USCA Addresses HIV/AIDS Crisis in African American Communities


Circe Gray Le Compte, Director of Communications
Telephone: (202) 234-5120 ext. 309 * E-mail:

USCA Addresses HIV/AIDS Crisis in African American Communities

November 8, 2007 – Palm Springs, CA – The second plenary of the 2007 United States Conference on AIDS today addressed the “HIV/AIDS Crisis in the African American Community” and featured a panel of accomplished speakers that included: Cornelius Baker of the National Black Gay Men’s Advocacy Coalition and Senior Communications Advisor of COACH, AED; Dr. Kevin Fenton, Director of the National Center for HIV/AIDS, Viral Hepatitis, STD, and TB Prevention at the Centers for Disease Control and Prevention; The Honorable Johnny Ford, Mayor of Tuskegee, Alabama; Debra Fraser-Howze, President/CEO of the National Black Leadership Commission on AIDS (NBLCA); Ravinia Hayes-Cozier, Director of Government Relations and Public Policy, National Minority AIDS Council (NMAC); Dr. Beny Primm, Founder and Executive Director of Addiction Research and Treatment Corporation; Sheryl Lee Ralph, NMAC Celebrity Spokesperson; Valerie Spencer, Founder of Transcend Empowerment Institute; Ms. Debra Fraser-Howze, Executie Director of the National Black Leadership Commission on AIDS; and Nancy Wilson, Board Member of NMAC.

“The session exemplified the need to make this year’s theme – One Family, One Voice, One Spirit – a reality in our approach to HIV/AIDS prevention, care and treatment in African- American communities,” says Hayes-Cozier, who served as the session’s moderator. “We speak with many voices and many faces. But, whether we are focused on the unique needs of black gay men or the issues facing heterosexual African-American women, we speak and work with the same goal mind: reducing and eliminating HIV/AIDS from our communities.”

Nancy Wilson, NMAC’s newest board member, has leveraged her extraordinary singing career to raise HIV/AIDS awareness since the 1980s. “I thought after 55 years, I would be able to retire … and just enjoy being a grandmother. But at the meeting this at the [Centers of Disease Control and Prevention] this past March [for the launch of the Heightened National Response to the HIV/AIDS Crisis among African Americans], I learned that there was much work still to be done. Young people need to know how to take responsibility for their health, and feel empowered to make the right choices.”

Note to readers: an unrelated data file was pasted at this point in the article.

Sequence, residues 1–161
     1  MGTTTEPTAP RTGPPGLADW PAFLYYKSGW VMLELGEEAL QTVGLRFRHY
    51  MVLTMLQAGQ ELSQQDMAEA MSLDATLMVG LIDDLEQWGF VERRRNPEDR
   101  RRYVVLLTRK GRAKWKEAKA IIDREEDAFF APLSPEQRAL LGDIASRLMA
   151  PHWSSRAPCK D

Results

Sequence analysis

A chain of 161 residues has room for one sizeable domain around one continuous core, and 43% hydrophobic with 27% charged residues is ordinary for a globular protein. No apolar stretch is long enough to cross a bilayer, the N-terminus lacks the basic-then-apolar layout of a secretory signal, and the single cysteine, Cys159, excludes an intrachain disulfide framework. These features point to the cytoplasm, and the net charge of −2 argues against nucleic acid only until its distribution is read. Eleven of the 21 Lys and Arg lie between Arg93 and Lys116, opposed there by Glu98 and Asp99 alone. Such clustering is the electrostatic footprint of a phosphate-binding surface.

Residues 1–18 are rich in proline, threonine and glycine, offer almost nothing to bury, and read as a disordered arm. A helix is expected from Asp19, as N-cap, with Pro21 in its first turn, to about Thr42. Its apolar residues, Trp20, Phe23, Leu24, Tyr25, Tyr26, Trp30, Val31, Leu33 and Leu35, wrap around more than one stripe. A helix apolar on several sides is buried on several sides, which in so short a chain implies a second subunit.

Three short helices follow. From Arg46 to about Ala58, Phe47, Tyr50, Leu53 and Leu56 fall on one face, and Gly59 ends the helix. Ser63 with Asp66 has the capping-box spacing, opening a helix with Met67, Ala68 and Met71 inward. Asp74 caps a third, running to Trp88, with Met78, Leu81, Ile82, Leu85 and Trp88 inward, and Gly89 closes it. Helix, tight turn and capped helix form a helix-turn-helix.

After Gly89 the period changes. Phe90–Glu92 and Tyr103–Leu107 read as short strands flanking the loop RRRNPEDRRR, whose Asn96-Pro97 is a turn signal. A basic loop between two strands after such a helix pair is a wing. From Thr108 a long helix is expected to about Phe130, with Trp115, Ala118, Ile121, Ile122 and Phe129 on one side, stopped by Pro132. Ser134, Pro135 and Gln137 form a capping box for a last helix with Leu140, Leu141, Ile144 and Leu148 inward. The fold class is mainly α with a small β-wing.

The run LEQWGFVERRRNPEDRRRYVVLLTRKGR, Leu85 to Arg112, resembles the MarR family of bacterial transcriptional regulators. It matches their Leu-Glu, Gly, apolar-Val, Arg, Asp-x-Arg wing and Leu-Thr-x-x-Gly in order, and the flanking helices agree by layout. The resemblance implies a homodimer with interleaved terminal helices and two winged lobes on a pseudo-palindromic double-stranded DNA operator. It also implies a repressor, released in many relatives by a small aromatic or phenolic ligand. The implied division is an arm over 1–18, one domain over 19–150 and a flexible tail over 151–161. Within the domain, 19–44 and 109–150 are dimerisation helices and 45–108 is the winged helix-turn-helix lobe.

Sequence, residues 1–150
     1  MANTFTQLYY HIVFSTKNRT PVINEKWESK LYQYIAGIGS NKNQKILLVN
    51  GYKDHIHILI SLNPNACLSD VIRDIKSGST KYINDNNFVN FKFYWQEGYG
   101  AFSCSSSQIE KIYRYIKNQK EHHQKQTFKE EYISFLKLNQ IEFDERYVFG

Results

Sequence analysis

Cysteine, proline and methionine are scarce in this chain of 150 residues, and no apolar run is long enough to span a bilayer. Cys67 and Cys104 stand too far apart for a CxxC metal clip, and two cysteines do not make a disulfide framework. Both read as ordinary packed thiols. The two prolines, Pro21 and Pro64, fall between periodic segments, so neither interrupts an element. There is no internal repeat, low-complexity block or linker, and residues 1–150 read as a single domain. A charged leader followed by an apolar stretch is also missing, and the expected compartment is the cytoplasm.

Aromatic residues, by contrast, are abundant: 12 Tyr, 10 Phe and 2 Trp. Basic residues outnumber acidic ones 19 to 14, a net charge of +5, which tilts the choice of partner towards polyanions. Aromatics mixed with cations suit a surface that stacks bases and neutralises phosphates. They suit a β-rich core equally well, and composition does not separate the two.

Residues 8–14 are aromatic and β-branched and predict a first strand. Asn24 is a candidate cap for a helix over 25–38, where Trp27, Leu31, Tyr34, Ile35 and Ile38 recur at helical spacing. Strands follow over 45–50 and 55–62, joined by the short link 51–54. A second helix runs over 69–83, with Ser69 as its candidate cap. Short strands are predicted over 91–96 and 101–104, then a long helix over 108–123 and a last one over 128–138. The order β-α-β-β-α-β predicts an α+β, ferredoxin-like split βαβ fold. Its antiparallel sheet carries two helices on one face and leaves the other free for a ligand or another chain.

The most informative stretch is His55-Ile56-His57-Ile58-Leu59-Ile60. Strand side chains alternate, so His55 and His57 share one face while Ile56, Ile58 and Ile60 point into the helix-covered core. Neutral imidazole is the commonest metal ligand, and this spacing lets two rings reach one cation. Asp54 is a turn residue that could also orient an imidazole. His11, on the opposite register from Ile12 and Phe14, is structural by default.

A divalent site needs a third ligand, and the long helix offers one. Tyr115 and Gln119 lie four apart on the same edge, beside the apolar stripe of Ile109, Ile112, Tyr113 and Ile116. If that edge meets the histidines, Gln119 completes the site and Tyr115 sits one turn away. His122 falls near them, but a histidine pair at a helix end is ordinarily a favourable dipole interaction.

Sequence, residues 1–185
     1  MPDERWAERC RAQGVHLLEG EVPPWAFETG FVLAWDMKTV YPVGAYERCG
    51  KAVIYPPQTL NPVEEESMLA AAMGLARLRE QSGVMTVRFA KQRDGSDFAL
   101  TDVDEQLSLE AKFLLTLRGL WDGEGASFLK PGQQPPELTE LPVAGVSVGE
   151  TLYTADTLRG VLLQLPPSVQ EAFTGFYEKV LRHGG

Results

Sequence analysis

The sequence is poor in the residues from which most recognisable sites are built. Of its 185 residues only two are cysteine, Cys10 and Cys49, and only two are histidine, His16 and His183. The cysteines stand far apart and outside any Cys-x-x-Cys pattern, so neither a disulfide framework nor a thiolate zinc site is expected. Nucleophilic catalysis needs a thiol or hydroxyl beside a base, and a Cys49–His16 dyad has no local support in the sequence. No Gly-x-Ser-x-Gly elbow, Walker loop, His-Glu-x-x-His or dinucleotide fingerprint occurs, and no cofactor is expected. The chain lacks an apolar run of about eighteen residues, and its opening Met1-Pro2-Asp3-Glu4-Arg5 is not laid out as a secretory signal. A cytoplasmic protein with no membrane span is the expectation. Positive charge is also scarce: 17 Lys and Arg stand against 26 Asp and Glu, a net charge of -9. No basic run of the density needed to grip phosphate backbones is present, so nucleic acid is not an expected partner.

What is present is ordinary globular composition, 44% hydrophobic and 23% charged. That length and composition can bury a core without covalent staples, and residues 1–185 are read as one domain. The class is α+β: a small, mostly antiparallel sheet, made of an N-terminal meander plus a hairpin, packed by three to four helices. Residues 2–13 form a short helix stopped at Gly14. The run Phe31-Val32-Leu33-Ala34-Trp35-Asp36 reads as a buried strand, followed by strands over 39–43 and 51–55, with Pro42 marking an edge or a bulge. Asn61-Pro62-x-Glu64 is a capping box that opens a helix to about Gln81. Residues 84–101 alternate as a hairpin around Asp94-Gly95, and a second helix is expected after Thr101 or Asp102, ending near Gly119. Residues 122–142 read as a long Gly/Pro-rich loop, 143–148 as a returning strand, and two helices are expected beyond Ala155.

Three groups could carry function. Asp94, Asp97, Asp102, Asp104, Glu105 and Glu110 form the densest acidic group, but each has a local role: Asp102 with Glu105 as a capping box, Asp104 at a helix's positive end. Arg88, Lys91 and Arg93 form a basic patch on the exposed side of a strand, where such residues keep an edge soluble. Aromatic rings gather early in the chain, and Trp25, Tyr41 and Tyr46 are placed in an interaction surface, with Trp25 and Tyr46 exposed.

Paul A. Kawata, Executive Director of the National Minority AIDS Council, noted that “Today’s session was an affirmation to those working on the frontlines, and a clarion call to those in positions of power, that is it is unacceptable that Black communities account for over half of all new HIV infections reported to the CDC each year. It is unacceptable that AIDS is one of the leading causes of deaths among African-American women today.”

Though each speaker described different ways to address the epidemic, Hayes-Cozier explained: “All of us working to address HIV/AIDS in black communities come from a place of compassion for those living with and impacted by the HIV/AIDS epidemic. We’re looking forward.

The 2007 USCA, set for November 7-10, in Palm Springs, CA, will address the theme,
“One Family, One Voice, One Spirit,” and is expected to bring together over 3,500 HIV/AIDS professionals.

Sponsored by the National Minority AIDS Council since 1997, USCA, the largest annual HIV/AIDS meeting in the United States, has strengthened the domestic community-based response to HIV/AIDS by bringing together professionals from across the country to learn new skills and build partnerships and collaborations.

The conference’s extensive selection of over 200 institutes, seminars, workshops and roundtables sessions addressing every aspect of the AIDS epidemic – from nutrition and treatment to prevention and international issues – enables participants to customize their training and networking experiences according to their unique professional needs.

About USCA’s Sponsor – NMAC

The National Minority AIDS Council (NMAC) was founded in 1987 to develop leadership within communities of color to address challenges of HIV/AIDS. NMAC has responded to the needs of communities of color by developing programs enhancing the skills necessary to confront this health crisis, including a public policy education program; national and regional training conferences; treatment and research programs and trainings; numerous publications and a website: agency also serves an association of AIDS service organizations, F/CBOs, hospitals, clinics, health departments and other groups assisting people and families living with and affected by the AIDS epidemic. NMAC’s advocacy efforts are funded through private funders and donors only.